The paper in question, published in the Journal American Water Works Association, supports the safety of a common but frequently criticized way of incrementally removing lead pipes. The expression of concern came after years of back-and-forth letters to the editor between other scientists and the authors.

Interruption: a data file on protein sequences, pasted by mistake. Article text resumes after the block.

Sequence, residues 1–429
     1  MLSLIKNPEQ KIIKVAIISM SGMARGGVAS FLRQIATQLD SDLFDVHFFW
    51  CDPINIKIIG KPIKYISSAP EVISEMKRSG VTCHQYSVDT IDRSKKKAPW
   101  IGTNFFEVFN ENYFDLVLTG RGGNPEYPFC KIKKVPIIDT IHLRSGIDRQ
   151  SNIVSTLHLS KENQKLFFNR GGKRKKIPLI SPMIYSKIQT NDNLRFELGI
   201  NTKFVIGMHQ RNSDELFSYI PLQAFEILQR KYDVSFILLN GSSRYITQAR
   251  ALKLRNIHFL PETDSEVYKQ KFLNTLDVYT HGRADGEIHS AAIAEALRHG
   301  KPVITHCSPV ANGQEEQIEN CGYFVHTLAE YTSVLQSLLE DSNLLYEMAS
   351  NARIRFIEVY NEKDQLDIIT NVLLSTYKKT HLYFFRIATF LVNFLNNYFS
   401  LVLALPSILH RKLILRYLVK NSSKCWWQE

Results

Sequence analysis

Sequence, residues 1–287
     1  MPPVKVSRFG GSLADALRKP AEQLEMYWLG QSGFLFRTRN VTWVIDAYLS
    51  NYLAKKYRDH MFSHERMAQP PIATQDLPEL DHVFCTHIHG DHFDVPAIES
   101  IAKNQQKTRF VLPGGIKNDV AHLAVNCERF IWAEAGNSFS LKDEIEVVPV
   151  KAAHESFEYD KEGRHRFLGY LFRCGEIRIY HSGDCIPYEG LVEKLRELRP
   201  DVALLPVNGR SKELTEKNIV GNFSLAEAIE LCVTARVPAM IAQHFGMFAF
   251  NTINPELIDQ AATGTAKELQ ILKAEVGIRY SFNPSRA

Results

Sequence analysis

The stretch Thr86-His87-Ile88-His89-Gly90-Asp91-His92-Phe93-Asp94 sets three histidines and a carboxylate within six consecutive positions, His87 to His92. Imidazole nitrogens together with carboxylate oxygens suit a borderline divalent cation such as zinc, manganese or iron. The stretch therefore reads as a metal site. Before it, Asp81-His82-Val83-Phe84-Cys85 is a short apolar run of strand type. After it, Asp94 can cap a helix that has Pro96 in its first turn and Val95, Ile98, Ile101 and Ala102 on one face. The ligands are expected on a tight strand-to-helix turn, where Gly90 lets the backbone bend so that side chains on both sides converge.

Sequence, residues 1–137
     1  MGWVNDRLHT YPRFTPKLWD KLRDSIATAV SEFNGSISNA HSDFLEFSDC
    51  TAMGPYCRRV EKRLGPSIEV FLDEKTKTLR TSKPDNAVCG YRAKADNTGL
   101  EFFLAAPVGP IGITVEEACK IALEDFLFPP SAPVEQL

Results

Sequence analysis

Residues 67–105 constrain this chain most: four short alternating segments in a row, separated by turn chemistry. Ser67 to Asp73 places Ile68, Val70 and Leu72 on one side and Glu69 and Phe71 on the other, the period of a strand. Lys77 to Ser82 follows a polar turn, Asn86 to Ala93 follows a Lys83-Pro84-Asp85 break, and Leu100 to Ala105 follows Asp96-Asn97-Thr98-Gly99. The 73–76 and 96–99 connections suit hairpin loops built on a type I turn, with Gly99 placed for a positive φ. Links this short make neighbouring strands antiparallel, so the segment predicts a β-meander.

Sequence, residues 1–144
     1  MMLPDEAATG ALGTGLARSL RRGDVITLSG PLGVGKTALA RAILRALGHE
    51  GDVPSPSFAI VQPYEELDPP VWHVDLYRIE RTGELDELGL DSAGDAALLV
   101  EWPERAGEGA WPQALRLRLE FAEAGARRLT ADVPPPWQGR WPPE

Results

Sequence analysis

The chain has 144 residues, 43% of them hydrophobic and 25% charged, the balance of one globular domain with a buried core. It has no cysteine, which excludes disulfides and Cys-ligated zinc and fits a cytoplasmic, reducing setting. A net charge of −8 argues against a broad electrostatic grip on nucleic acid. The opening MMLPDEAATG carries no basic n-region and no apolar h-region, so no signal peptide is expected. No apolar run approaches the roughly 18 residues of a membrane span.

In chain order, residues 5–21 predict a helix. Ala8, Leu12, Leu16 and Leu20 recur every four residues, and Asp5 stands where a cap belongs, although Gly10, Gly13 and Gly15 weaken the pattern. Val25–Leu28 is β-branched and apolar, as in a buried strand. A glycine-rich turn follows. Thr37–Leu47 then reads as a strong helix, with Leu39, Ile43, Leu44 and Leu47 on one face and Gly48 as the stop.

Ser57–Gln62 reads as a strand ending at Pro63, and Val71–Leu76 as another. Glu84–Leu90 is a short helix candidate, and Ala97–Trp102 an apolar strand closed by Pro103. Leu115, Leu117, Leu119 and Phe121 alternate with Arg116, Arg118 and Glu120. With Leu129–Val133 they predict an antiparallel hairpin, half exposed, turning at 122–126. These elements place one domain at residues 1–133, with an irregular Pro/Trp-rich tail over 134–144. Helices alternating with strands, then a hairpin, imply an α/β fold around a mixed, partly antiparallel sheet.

Lead water pipes have been causing lead poisoning for generations; some people have even theorized that the ancient Romans’ use of the metal facilitated the empire’s downfall. The dangers of childhood exposure to lead — delayed development, irreversible damage to the brain and nervous system and behavioral problems — have been documented in the U.S. since the 1940s, but the Environmental Protection Agency didn’t start regulating lead levels in drinking water until 1991, when the “lead and copper rule” went into effect. That set the standard for utility companies’ lead testing: if 10 percent or more of samples from homes had lead levels above 15 parts per billion, the companies were required to replace 7% of their lead pipes a year until they met the requirements.